As we talked, the question arose about teaching students organization strategies for note-taking. Too often in education we follow a trend to a fault, let the pendulum swing so quickly to one side, and neglect to see that we have abandoned things that are working. Buzz words such as collaboration and active engagement have risen so high above anything else that many of us are starting to abandon key life-skills such as organization and summarization - skills that would be taught during more structured lecture-style lessons where students were expected to take notes.
Don't get me wrong, friends. I am absolutely not justifying making students sit for fifty-minute periods while they listen to an instructor drone on and on about a topic, ferociously jotting down copious notes. What I am suggesting is that there are some beneficial skills that still need to be taught that may or may not be taught during a more engaging activity or collaboration.
In previous blogs I've discussed the power of note-taking, choosing what organization strategy works best for you, and organizing that information according to your strengths. Some teachers are having a difficult time finding a happy medium between teacher-centered instruction and student-centered instruction, and that's where many of us are struggling. We want our kiddos to be able to pull out important information from the text, but we don't trust them enough to be able to handle this task alone, so we spend time in the classroom asking them to copy down what we think is important.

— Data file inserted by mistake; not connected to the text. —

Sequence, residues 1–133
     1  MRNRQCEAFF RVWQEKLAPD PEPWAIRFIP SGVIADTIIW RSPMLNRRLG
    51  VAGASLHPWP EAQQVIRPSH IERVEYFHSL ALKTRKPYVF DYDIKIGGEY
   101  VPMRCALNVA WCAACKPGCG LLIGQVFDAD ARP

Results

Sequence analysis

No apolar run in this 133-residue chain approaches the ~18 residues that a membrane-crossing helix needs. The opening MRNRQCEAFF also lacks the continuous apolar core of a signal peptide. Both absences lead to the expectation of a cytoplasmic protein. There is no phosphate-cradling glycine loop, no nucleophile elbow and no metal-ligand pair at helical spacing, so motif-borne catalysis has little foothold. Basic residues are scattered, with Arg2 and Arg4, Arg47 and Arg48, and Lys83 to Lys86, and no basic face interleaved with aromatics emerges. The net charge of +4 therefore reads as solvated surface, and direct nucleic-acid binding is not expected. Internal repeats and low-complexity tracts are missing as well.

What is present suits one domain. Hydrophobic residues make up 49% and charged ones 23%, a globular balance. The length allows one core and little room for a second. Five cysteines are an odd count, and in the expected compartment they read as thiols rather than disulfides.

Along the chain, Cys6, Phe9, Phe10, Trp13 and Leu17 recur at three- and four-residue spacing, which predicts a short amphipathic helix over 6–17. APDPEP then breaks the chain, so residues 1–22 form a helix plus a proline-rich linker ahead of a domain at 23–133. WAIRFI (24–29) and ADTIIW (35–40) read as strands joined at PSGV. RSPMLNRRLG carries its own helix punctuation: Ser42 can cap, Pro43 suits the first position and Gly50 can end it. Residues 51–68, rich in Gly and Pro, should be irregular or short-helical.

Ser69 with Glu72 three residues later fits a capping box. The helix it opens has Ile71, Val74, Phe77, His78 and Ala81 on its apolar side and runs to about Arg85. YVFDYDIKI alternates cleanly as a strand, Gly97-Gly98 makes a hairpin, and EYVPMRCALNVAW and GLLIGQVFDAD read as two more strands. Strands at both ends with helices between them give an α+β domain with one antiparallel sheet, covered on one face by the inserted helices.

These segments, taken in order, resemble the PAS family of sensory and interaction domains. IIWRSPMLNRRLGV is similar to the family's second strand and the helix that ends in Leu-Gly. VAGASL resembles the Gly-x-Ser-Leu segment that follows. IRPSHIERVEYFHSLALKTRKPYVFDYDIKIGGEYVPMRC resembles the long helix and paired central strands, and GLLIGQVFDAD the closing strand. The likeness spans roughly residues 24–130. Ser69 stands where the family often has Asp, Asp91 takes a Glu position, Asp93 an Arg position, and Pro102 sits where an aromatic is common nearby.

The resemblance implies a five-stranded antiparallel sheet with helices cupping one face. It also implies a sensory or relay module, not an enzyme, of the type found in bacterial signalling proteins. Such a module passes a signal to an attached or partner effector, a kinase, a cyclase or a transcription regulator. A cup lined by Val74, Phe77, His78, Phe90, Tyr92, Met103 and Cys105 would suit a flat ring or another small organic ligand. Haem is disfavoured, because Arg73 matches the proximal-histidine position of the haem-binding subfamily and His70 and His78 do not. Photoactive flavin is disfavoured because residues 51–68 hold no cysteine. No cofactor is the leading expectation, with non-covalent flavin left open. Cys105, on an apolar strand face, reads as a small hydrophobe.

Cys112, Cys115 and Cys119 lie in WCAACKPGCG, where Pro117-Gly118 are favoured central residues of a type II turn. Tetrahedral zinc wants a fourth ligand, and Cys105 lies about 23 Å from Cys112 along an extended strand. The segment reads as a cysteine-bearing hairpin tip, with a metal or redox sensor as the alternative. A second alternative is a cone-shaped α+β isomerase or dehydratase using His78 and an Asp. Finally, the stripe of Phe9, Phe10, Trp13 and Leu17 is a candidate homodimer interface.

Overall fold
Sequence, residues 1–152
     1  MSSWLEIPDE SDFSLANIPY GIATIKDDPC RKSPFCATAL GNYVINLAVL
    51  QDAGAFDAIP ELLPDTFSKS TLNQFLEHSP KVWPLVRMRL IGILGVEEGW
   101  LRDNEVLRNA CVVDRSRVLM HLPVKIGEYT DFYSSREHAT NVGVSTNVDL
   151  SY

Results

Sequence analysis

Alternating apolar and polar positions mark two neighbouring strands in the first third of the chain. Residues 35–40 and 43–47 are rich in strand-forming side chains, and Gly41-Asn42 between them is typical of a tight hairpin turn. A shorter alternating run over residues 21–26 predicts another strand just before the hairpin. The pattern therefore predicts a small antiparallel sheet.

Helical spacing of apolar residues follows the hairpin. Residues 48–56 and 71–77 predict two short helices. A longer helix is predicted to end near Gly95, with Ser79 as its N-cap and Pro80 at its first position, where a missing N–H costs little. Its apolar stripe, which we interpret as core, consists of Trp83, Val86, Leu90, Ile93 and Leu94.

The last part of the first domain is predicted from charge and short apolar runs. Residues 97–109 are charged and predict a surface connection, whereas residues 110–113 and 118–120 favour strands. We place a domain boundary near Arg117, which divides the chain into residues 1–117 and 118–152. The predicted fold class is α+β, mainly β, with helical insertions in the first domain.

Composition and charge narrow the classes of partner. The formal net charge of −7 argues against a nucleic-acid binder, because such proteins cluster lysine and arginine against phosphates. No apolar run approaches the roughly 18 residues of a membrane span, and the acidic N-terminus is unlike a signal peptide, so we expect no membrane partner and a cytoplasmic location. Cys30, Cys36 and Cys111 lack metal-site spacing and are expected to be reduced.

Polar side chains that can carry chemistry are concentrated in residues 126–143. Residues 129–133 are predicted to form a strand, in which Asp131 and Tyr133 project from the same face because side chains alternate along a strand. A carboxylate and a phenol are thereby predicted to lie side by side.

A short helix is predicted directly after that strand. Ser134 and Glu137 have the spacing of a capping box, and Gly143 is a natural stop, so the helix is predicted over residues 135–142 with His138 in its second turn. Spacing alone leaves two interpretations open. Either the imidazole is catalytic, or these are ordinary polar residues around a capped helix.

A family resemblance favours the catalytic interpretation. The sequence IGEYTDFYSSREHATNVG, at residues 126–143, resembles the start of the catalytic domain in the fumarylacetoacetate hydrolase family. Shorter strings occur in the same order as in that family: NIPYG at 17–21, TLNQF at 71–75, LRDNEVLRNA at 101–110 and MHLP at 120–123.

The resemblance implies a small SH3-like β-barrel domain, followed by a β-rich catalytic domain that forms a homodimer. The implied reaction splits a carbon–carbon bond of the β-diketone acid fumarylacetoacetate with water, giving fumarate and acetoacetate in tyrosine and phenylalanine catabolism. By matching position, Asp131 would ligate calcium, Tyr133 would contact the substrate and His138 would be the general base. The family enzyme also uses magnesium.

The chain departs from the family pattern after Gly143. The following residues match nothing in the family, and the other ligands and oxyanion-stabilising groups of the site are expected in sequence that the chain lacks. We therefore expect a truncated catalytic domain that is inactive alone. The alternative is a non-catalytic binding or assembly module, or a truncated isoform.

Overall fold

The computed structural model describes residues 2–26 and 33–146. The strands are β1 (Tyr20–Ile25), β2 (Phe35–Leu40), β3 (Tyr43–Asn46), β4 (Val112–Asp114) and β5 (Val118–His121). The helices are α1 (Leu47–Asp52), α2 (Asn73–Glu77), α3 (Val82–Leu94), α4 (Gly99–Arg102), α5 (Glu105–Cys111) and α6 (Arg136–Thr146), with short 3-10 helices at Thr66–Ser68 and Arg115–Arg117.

After my discussion last Tuesday, I was reminded of some ways that we can use an oldie-but-goodie and revamp it to be used in the classroom as a partner tool -- all the while allowing the teacher to still have some control over what students might be recording in their notes.
Project CRISS calls this strategy Two-Column Notes. You might know it as Cornell Notes. I'm going to take these notes a step further and move to three columns. Below is what it could look like:
This is where the teacher might start students by giving them a purpose for reading and discussing. Teachers can do either one of two things here:
Whatever happens in this column, know that this is the purpose-setter, so if you want your students to explore specific topics, this is the place to do it!
In this column, students work with a partner or partners (no more than three to a group!) to decide together what goes here. You may want to be specific about what you think should go here. For example, you might ask students to look in the text to find evidence that climate change is, indeed, happening on Earth. This purpose should be stated in column one.
All group members need to agree on everything put into this column.
This is a great time to listen in on discussions and gage what will need to be addressed during the final large-group discussion.
Cris Tovani suggests during times of engagement to stop the class, state observations, redirect if the entire class seems perplexed by something significant, and send them off again.
Another idea here is to find one piece of information in each group that you ask the group to share with the class. This validates their group work.
During the discussion, the teacher should have collected information about where students have missed chunks of important information. As a wrap-up activity, point these things out and have students note them in this column. If you choose to go over all information, students can even go back to column two and highlight information that was emphasized during this phase.